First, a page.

This book is a compilation of the teachings of Hazrat Inayat Khan, a Sufi mystic from the early part of the Twentieth century. Born in India, Khan was thoroughly familiar with both Hindu beliefs and Islam and he also knew Christian scriptures well. In this book, Khan explains the central tenets of his Sufi sect. He begins with the belief that vibration is the ultimate connection to God, and states that this belief is found in Christian, Muslim, and Hindu scriptures by reading "word" as sound, and sound as vibration. All else flows from this. Khan finds spiritual direction through seeking harmony with all and finding and matching the appropriate rhythm of things. Music, (of the serious type, not jazz, for instance) provides a means of worship and union with the Almighty. But the highest form of sound is abstract, a topic whose details are reserved for Sufi initiates because others might misuse such knowledge.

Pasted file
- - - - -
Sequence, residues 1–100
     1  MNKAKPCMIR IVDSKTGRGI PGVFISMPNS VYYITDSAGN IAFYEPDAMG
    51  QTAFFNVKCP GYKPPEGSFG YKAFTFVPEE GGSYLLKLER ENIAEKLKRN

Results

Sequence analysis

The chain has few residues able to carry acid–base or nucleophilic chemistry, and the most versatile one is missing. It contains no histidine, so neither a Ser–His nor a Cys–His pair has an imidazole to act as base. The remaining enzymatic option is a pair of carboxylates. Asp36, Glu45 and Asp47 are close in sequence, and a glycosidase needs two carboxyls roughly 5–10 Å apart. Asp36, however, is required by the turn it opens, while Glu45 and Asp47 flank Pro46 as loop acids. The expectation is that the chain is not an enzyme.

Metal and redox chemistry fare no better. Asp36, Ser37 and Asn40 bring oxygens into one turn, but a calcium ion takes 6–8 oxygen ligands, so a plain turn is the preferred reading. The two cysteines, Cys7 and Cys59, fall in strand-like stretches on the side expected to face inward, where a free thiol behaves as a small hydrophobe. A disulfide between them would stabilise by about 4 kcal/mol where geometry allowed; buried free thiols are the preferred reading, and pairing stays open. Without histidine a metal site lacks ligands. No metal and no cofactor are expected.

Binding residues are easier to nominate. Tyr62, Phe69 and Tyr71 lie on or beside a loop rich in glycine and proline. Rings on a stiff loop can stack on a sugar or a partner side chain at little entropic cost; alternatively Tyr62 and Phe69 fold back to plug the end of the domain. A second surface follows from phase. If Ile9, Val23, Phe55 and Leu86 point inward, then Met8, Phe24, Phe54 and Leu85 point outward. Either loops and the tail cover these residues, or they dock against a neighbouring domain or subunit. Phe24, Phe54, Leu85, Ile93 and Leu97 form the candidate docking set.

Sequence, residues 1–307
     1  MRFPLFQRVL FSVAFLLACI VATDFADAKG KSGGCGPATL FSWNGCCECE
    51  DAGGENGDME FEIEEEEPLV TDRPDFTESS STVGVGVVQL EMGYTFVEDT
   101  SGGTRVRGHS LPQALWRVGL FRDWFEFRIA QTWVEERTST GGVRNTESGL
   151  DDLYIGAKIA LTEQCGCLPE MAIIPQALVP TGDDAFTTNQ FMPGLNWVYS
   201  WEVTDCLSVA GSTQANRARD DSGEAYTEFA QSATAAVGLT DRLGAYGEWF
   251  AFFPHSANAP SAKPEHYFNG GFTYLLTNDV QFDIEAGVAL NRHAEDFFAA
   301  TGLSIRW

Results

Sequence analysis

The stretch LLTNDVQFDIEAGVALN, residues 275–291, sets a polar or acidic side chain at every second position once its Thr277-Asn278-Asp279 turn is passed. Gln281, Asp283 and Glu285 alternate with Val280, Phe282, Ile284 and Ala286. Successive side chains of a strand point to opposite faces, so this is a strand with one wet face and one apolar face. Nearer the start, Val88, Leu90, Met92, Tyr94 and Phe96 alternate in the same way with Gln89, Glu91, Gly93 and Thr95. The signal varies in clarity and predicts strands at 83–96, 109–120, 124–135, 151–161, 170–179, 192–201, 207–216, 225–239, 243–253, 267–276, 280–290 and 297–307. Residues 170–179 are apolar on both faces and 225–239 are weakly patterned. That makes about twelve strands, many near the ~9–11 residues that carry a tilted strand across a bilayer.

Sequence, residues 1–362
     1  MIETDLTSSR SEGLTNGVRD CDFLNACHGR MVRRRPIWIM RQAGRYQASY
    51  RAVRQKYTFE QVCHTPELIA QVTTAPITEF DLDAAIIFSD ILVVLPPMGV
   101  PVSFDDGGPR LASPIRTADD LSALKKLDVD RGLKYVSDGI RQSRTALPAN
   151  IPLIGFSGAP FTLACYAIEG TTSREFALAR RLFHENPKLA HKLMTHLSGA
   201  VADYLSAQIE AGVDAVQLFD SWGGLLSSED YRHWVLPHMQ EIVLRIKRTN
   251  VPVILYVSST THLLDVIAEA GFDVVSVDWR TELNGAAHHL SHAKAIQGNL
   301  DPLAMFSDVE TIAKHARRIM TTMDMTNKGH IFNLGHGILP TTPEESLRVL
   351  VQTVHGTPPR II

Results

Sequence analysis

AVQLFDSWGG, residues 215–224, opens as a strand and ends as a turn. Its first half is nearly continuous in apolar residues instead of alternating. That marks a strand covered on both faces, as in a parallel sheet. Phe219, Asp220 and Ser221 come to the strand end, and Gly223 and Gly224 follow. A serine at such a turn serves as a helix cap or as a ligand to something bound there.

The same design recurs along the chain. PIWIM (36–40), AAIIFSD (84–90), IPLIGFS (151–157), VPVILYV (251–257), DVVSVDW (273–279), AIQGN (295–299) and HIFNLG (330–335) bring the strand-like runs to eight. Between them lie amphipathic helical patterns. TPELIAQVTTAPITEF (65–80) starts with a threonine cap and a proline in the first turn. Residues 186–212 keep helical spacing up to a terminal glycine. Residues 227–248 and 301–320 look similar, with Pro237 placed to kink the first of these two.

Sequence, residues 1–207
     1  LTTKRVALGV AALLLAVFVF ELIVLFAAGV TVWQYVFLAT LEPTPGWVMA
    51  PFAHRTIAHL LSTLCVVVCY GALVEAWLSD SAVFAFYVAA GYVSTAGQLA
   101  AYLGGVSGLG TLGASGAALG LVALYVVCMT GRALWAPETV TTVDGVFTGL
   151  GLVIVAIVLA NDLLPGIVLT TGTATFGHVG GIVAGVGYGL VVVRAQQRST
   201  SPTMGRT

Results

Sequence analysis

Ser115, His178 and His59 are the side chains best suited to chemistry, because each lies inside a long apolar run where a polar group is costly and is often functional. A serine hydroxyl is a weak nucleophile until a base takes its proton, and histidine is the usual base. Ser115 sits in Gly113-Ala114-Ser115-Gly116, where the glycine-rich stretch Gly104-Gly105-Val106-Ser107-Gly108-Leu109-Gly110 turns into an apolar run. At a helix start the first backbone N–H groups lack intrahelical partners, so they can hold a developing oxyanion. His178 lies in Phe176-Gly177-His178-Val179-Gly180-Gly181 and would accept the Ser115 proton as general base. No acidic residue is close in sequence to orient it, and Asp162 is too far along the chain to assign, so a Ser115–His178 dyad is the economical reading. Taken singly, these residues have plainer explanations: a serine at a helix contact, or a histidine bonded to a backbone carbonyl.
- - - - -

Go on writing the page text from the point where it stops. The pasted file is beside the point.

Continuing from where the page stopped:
The book contains chapters on topics such as: the music of the spheres, color and sound, music in Indian culture, music of the dervishes, dance and music, music and psychology, the healing powers of music, memory, will, reason, intuition and dreams, the Ego, inspiration, and the value of repetition. It also contains short collections of aphorisms and phrases to be repeated. The editing of the volume is exceptionally well-done. Khan did not write these selections as a book; instead, they were collected and organized from various lectures and articles that he prepared dating from about 1913 to 1926. The editors have managed to create a cohesive text from very disparate sources. Some ideas are presented repeatedly, but unlike so many similar compilations of articles by other authors, the presentation of Khan's ideas in this book are consistent each time they are mentioned. The original sources and dates for each chapter are listed at the end of the book. The book contains an index, but no glossary.